The data from the detector must be processed rapidly to yield particle classification as discussed earlier in order to satisfy the requirement for real-time instrument operation. This processing is carried out by electronic means using one of a number of established mathematical classification methods including Normal Distribution Method, Linear Discriminant Method, or K-Nearest Neighbours Method (all described in, for example, ‘Pattern Classification and Scene Analysis’ by Duda R, O. and Hart P. E., Wiley Interscience 1973), or by using an artificial neural network pattern recognition method (described in, for example, ‘Neural Networks for Pattern Recognition’ by Bishop C. M., Oxford Univ. Press 1995).
The Radial Basis Function or RBF network is arguably one of the simplest forms of an artificial neural network. It is based on the use of training data, in our case these being example sets of 100 scattering patterns from each of the particle classes that we wish to discriminate. The training data result in defined regions of mathematical hyperspace corresponding to the chosen classes. When new data (expressed as an input vector) derived from an unknown particle are input to the network, the network evaluates the distance between this input vector and its predefined class data regions and indicates to which class the unknown particle corresponds most closely.
The RBF network has an architecture consisting of only one hidden layer, as illustrated in FIG. 5. In the present case, the inputs, labelled χ1 to χn represent the values of the light-scattering data from either the A or B detector ring; these are processed independently through the network so as to allow a voting on the classification outcome. Only if both processes resulted in the same as classification for a particle (judged as that having the highest linear summation output value) is the particle ascribed to that class (shown as class 1, class 2, etc., in FIG. 5). If there was a discrepancy in classification results from the two detector rings, the particle is classified into the lower of the two classes.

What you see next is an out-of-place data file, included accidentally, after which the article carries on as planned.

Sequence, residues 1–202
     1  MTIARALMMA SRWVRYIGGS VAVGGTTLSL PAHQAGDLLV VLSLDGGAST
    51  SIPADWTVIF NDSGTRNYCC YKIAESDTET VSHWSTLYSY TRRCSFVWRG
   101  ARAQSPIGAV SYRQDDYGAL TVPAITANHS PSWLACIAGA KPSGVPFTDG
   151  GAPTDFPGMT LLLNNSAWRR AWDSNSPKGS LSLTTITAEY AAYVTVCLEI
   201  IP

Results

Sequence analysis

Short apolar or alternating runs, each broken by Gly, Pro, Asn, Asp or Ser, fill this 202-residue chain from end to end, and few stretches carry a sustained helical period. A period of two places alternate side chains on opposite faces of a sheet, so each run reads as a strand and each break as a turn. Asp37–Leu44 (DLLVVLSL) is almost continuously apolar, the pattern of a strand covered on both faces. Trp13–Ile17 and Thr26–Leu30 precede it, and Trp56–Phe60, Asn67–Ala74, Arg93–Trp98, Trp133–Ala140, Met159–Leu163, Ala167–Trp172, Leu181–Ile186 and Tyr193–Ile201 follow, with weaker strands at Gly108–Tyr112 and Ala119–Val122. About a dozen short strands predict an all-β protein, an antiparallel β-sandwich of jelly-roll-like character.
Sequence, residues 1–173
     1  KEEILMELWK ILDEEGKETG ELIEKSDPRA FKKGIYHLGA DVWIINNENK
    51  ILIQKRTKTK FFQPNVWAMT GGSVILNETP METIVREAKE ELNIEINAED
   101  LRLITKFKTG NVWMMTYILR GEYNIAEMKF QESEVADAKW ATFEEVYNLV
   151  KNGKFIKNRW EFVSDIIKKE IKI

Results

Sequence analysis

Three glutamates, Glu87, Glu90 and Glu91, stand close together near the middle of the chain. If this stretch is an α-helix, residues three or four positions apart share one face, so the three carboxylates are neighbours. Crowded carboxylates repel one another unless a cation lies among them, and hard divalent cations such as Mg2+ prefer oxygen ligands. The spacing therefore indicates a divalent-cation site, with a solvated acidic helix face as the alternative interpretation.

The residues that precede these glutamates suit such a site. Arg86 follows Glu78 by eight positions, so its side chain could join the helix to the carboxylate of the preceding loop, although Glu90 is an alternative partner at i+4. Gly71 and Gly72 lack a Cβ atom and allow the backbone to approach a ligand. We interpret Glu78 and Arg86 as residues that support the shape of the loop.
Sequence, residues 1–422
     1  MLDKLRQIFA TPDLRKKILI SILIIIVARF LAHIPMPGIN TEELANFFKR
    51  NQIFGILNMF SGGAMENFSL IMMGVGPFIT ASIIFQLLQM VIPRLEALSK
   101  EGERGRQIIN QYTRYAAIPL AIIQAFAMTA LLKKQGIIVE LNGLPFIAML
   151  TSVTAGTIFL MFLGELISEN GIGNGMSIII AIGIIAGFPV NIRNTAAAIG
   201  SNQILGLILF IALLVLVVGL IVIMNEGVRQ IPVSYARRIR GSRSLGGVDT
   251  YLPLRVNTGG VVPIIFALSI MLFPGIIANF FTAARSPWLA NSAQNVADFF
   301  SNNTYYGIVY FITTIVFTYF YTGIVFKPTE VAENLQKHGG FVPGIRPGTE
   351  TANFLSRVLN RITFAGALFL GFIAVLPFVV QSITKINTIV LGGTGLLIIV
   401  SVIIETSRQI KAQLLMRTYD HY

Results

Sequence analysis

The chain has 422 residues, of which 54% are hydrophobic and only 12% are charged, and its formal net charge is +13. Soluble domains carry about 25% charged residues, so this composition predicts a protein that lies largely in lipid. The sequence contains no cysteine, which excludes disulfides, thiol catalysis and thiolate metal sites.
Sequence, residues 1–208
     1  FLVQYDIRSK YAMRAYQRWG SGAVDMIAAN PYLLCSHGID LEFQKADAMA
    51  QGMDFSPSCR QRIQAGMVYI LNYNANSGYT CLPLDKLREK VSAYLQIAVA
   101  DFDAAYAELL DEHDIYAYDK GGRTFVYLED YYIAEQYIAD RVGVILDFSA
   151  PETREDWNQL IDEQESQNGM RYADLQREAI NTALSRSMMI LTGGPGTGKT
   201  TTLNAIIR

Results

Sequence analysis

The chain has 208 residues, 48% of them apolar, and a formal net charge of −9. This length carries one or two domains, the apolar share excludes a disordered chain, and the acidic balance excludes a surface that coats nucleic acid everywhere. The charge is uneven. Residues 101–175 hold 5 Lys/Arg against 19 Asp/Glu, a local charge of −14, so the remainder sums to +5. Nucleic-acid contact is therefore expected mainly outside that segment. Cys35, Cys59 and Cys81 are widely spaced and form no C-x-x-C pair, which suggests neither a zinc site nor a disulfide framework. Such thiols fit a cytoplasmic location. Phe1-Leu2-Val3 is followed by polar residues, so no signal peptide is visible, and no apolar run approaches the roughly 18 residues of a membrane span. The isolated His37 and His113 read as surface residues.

The hidden nodes ω1 to ωn are RBF's that take the form
where ωi (·) is a non-linear function of the distance between the input vector χ (based on the detector ring values for the unknown particle) and the ith centre vector χi marking the hyperspace region corresponding to each prescribed class of particle). The network output vector class is simply the linear summation of the weighted basis functions
the weights for each class ω11, ω21, . . . to ωkn having been established by the training data. In this case, the RBF's were chosen to be Gaussian, a commonly used approach and one that gave good classification results. The functions were of the form
where d is a constant bandwidth parameter.
FIG. 6 summarises the simulated classification performance of the preferred detector geometry and the RBF analysis method. Some 10,000 examples of scattering profiles recorded from known aerosols of each of the three chosen particle types (Chrysotile, Crocidolite, and background) were processed and classified into their respective classes. Ideally, 100% of each input test data type should be classified into its correct particle class. In practice, over 99% of background particles were classified correctly as background, with 0.1% being misclassified as Chrysotile particles and 0.6% misclassified as Crocidolite. These misclassification figures are as result of nonasbestos fibres within the background sample producing scattering profiles sufficiently similar to the extremes of the Chrysotile or Crocidolite classes that they were classified as such. They therefore represent a threshold level against which actual fibre concentration measurements must be compared. Similarly, over 80% of Crocidolite and 70% of Chrysotile particles were classified correctly. The misclassification of the remainder of these particles into the background class is inevitable when this laser scattering technique is used because some Crocidolite or chrysolite particles are aerosolised as irregular clumps of fibre aggregates that do not produce characteristic fibre scattering. The consequence will be the underestimation of the true asbestos fibre concentration by some small margin, although this parallels the decision processes that occur during the standard phase contrast light microscope filter sample counting technique.
To assess the performance of the machine neural network against results achieved by manual classification, experiments were carried out using aerosols containing mixed particle types. For each aerosol, data relating to 3000 particles were classified, first by visual inspection by a trained volunteer and second by use of the RBF neural network classifier. The data were of the form similar to that shown in FIG. 4. Because these mixed aerosols contained Crocidolite, Chrysotile, and background particles and it was known that some overlap in the scattering characteristics of these materials was inevitable (as illustrated in FIG. 6), the classifications used were high-risk fibres (those that displayed predominantly Crocidolite-like scattering features), medium-risk fibres (those that displayed predominantly Chrysotile-like scattering features), and other particles. Table 1 summarises the results for one such mixed aerosol, illustrating the close similarity in classification performance between machine and manual classifications:—the significant difference being that the manual classification required several hours (similar to that required for phase contrast light microscope fibre counting on filters), whereas the machine classification required only seconds.
Summary of the Classification of Scattering Profile Data from a Mixed